Magpul’s D-50 weighs just under 2 pounds empty and comes in at about 4.5 pounds fully loaded. But the design puts this package in the same height profile as the 25-round 7.62mm magazine the company currently makes.
The 5.56mm, 30-round PMAG was adopted by the Marine Corps as an acceptable magazine for use in 2017 after years of rave reviews from deployed Marines, some of whom faced punishment for taking the magazines on deployment but did so anyway.
Among civilian shooters, the 60-round, 5.56mm drum has been popular, though it is not yet a common inventory item for active-duty personnel.
Scott Creed, Magpul marketing director, said that the higher capacity magazine was being reviewed by the military.
The D-60, the company’s 5.56mm version, was being evaluated last year for use with the Marine’s M27 Infantry Automatic Rifle.
For more than three years now, the Corps has been looking for a higher capacity magazine to use with the recently adopted M27. But standard drum magazines often have feeding problems and can add a lot of weight to the weapon.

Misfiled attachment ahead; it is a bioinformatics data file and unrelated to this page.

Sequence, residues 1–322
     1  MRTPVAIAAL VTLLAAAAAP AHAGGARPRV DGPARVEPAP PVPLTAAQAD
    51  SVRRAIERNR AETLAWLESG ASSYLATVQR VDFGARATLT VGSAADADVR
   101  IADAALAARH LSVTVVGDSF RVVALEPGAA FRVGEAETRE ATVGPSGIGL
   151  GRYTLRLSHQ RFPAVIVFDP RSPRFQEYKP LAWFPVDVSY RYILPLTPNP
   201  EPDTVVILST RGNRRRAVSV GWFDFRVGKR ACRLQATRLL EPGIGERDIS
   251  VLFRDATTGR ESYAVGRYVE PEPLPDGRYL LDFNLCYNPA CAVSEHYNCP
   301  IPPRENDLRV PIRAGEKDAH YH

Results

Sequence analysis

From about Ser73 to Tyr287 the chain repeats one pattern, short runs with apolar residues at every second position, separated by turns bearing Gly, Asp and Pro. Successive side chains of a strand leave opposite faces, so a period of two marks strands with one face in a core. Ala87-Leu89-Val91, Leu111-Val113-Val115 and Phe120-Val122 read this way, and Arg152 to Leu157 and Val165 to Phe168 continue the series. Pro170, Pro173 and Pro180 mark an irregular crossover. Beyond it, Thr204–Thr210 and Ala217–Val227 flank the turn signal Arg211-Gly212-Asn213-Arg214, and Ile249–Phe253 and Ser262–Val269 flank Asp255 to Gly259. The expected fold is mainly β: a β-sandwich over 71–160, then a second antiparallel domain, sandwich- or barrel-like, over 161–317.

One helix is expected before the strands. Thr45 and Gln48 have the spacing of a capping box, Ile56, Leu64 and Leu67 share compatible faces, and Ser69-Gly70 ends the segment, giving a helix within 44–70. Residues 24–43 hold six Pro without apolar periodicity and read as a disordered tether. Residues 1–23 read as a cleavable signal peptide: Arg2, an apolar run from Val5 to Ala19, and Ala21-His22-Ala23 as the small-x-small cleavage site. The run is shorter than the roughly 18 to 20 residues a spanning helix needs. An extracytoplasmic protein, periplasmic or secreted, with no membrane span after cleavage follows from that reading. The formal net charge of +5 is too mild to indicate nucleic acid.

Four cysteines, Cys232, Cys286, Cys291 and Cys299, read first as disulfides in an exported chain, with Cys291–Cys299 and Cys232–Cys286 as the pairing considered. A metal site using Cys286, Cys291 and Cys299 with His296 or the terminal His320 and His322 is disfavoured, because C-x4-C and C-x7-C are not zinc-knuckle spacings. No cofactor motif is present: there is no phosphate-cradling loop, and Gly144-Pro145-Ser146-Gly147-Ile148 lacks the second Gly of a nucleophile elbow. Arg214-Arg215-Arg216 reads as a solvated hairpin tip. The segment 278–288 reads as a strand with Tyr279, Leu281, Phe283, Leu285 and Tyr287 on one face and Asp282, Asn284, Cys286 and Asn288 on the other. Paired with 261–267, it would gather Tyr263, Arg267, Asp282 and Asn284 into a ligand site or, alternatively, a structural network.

D-60 designer Tim Roberts told Marine Corps Times last year that the magazine was designed for certain types of missions.
“This is a no-compromise, double-capacity option,” Roberts said. “It’s designed for missions that are likely to have a long, controlled first engagement situation.”
The idea for an IAR gunner, Roberts says, is that he’d load the M27 with the D-60 to go out on a mission and carry standard 30-round capacity mags for subsequent reloads.
The new D-50, 7.62mm drum mag is built for SR25/M110-type rifles.
“Its unique drum configuration gives it roughly the same overall height profile as a standard 25-round 7.62mm PMAG, making storage easy and shooting from various positions — including prone — no different than with smaller capacity magazines," according to the company’s website.
Todd South has written about crime, courts, government and the military for multiple publications since 2004 and was named a 2014 Pulitzer finalist for a co-written project on witness intimidation. Todd is a Marine veteran of the Iraq War.